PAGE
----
The government has no plans to allow policy increases for expats with ‘frozen’ state pensions, saying it would cost more than £500m per year to be corrected.
In a written answer to Parliament, Guy Opperman, minister for pensions and financial inclusion stated this was the cost the government would have to pay if all pensions in payment overseas were increased to current UK levels, and would increase further in future years.
Currently the majority of pensioners living in the UK have their state pension increased according to the triple-lock principle – by a minimum of 2.5 per cent, the rate of inflation, or average earnings growth, whichever is the highest.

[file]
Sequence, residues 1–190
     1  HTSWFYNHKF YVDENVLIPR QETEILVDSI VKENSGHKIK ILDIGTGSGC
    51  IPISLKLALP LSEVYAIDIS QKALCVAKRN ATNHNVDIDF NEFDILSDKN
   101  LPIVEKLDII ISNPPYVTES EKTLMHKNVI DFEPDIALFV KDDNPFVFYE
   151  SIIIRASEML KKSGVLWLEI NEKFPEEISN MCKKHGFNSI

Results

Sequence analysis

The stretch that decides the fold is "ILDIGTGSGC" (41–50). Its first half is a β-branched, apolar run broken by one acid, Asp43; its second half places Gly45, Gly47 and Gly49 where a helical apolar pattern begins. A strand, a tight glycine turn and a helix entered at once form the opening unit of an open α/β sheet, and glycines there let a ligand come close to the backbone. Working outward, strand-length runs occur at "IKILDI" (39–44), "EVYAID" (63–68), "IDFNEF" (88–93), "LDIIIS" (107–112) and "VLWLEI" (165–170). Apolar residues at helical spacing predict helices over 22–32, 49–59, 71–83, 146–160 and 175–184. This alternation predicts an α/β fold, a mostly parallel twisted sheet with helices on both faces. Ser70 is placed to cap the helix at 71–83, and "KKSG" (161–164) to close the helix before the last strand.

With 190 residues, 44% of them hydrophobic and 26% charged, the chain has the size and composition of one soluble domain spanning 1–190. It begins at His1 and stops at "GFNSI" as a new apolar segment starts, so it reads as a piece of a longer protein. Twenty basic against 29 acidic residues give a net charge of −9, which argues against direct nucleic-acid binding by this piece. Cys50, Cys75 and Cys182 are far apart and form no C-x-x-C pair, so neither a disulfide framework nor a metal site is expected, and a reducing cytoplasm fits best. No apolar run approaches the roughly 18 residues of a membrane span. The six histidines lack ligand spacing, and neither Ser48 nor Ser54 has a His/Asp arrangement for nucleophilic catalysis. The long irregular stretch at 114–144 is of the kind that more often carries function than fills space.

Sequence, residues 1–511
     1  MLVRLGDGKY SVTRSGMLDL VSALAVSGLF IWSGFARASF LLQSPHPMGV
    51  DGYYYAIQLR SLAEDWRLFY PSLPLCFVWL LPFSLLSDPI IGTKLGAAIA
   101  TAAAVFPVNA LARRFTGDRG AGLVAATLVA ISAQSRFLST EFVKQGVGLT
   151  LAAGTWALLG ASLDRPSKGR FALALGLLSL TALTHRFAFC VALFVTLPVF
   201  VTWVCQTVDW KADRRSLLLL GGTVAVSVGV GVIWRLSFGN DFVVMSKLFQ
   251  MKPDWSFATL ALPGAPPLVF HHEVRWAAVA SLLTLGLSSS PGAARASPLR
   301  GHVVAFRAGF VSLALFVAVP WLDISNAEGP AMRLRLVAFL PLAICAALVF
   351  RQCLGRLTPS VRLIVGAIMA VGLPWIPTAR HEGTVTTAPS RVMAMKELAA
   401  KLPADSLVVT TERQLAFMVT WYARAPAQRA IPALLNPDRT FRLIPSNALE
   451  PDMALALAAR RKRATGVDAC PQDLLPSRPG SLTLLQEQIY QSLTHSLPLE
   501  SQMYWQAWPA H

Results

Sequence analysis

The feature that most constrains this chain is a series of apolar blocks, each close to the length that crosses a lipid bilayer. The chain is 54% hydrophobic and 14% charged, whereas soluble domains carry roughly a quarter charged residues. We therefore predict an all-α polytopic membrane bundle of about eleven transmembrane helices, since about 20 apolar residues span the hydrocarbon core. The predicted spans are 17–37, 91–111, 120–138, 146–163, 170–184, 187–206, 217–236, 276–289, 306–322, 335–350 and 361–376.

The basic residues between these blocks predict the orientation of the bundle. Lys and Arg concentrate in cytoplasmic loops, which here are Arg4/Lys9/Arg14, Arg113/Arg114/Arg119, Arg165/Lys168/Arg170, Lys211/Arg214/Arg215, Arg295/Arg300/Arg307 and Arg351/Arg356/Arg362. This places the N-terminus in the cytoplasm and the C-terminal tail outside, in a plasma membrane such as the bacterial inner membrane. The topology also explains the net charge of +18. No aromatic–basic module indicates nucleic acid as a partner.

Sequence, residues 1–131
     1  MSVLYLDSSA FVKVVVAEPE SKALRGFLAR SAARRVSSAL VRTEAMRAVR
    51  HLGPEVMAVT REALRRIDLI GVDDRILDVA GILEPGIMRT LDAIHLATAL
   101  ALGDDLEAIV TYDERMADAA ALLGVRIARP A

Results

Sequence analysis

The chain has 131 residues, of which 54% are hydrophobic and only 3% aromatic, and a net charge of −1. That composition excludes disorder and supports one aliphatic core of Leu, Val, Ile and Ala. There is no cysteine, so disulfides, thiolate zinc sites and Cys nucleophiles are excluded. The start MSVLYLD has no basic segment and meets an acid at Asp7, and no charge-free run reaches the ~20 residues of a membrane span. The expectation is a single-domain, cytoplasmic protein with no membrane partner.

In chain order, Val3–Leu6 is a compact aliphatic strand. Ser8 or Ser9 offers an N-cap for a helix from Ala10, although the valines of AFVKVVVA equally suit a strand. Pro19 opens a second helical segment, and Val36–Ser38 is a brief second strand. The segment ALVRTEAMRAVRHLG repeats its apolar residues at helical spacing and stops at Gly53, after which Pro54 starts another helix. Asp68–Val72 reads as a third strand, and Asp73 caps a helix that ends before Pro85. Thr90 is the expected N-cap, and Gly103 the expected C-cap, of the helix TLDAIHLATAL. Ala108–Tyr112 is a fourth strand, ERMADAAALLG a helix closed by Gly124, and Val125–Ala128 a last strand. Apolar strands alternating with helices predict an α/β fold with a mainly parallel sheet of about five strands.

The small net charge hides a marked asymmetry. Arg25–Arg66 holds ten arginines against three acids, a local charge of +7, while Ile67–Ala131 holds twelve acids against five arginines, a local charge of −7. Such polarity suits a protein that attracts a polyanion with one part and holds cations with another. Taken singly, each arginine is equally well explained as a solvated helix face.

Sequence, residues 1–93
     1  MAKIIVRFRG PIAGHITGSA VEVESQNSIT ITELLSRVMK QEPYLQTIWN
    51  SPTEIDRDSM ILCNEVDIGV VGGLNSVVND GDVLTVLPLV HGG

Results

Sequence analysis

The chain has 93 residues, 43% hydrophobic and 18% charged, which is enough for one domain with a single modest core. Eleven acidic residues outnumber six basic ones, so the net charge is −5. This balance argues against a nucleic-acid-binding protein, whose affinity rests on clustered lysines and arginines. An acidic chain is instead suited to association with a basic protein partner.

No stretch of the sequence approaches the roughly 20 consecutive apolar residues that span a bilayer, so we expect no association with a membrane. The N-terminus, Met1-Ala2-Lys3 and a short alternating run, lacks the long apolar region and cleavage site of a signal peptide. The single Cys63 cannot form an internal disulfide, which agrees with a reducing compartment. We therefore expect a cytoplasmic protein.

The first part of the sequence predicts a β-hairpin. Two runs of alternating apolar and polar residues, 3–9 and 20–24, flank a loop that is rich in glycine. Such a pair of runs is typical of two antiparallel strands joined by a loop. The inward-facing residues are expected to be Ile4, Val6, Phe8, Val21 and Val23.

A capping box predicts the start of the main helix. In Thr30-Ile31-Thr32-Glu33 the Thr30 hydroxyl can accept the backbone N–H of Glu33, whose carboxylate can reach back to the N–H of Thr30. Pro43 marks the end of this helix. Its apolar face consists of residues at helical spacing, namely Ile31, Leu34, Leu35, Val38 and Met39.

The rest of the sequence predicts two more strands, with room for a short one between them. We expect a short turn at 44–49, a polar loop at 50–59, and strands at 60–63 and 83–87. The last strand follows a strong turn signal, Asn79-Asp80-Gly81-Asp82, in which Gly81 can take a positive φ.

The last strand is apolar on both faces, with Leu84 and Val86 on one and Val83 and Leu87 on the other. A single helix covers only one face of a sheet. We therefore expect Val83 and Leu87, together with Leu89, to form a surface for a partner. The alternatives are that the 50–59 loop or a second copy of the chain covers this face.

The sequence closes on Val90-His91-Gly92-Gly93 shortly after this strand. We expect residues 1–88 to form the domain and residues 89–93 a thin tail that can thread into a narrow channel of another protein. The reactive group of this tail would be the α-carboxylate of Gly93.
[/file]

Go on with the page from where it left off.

But the same applies only to ex-pat pensioners living in certain countries, such as the US, all European Union countries, Barbados, Bermuda and Israel.
Pensioners living in countries such as Australia, Canada, New Zealand and South Africa have had their state pension frozen.
According to the all-party parliamentary group on frozen British pensions, 550,000 British pensioners, equating to half the pensioners living overseas, are currently adversely affected by the government’s frozen pension policy.
Mr Opperman stated: “It has been the policy of successive post-war governments for around 70 years – UK state pensions are payable worldwide and are uprated abroad where there is a legal requirement to do so, for example in the European Economic Area (EEA) and in countries with which we have a reciprocal agreement that provides for up-rating.
“We have no plans to change this policy.”
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